While carrying out a biopsy, the doctor extracts a tissue sample to be investigated with a microscope to see if cancer or other diseases) is present in the sample. For common types of cancer, a biopsy is required to arrive at a diagnosis.

Biopsies are also employed to find out how far cancer has spread. This is crucial when choosing the best treatment option.

But a biopsy isn’t necessarily carried out before surgery to extract a gallbladder tumor. Doctors are often skeptical that sticking a needle inside the tumor or disturbing it without entirely removing it might make the cancer cells spread rapidly.

If imaging tests indicate a tumor in the gallbladder, and there are no indicated symptoms that it has spread, the doctor can choose to proceed directly to surgery and treat the tumor as gallbladder cancer. In this instance, the gallbladder is checked for cancer after it’s been removed.

In other instances, a doctor may feel that a biopsy of an area in the gallbladder is the best way to know for sure if there’s the presence of cancer. For example, imaging tests may display that a tumor has spread or grown too big to be removed completely by surgery.

Many gallbladder cancers are not removable by the time they’re first found.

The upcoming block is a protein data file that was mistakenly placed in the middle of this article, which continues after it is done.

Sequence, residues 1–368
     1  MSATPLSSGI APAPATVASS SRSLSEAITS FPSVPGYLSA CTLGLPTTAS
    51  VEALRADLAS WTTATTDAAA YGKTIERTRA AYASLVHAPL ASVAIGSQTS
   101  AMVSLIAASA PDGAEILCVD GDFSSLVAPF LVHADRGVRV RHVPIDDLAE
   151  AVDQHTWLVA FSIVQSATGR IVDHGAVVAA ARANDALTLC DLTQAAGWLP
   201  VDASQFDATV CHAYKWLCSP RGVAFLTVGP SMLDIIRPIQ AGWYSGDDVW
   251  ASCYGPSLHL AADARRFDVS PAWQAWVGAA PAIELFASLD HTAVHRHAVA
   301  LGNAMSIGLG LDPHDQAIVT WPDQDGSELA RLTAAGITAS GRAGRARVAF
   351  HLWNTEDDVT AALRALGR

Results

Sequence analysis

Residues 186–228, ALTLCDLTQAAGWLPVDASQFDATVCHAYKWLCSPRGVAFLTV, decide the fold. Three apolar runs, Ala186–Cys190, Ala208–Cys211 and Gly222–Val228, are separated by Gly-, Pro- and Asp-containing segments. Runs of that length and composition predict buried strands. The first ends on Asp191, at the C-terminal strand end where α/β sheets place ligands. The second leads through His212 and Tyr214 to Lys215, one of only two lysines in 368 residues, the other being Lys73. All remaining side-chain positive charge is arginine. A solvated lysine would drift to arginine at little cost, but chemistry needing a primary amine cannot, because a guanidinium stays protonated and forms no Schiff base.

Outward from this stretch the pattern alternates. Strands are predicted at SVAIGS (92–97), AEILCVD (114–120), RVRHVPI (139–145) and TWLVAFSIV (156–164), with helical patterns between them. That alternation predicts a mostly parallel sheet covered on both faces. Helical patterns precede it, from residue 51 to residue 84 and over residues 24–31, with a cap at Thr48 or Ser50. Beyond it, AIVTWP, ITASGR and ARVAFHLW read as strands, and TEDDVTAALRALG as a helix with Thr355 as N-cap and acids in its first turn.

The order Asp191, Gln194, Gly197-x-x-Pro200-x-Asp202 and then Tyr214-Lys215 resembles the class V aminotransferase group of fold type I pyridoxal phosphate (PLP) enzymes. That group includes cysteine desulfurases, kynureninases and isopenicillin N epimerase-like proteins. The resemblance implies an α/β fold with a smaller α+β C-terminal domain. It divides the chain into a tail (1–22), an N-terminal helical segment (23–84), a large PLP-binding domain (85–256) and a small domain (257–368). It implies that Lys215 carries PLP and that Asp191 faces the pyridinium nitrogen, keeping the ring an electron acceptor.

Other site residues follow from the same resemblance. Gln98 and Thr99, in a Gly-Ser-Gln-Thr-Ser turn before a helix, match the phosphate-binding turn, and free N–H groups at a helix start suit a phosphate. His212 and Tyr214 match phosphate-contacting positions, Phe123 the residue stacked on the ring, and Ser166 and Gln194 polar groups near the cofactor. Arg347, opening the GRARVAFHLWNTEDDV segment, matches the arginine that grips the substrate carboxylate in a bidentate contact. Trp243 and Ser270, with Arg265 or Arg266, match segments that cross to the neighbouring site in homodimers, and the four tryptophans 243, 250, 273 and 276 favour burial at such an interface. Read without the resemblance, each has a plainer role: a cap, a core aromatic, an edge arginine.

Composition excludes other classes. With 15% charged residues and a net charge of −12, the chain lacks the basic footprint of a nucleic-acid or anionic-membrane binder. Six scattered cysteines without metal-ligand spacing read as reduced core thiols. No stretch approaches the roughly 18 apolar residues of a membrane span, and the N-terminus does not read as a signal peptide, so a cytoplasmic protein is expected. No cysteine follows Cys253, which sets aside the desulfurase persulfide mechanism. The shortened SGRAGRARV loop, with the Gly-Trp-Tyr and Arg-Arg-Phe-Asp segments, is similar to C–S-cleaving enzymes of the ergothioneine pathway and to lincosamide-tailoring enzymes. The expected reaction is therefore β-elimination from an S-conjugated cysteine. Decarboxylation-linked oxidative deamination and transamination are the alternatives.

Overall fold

Types of biopsies

There are different ways to get biopsy samples of the gallbladder.

  1. During cholangiography: If ERCP or PTC is being carried out, a sample of bile may be retrieved during the procedure to look for cancer cells in the fluid.
  2. During laparoscopy: Biopsy samples can be collected during laparoscopy. Laparoscopy allows the doctor to see the exterior of the gallbladder and closeby areas and then extract small pieces of tissue from any suspected areas.
  3. Needle biopsy: If the tumor is too big or has spread too much to be extracted with surgery, a needle biopsy may be performed to certify the diagnosis and guide treatment. During this test, a thin, hollow needle is inserted through the skin and into the tumor without leaving a cut on the skin. ( although local anesthetic is applied beforehand to numb the skin.) The needle is usually navigated into place with the aid of ultrasound or CT scans. When the images indicate that the needle is in the tumor, cells and fluid are drawn into the needle where it is then sent to the lab to be tested.

In most instances, this is performed as a fine needle aspiration (FNA) biopsy, which employs a thin needle connected to a syringe to take out (aspirate) a sample of cells.

Occasionally, the FNA doesn’t suck out enough cells for an accurate diagnosis, so a core needle biopsy, which uses a slightly bigger needle to get a bigger sample, may be done.

Stages of gallbladder cancer

  • Stage I. At this point, gallbladder cancer is restricted to the internal layers of the gallbladder.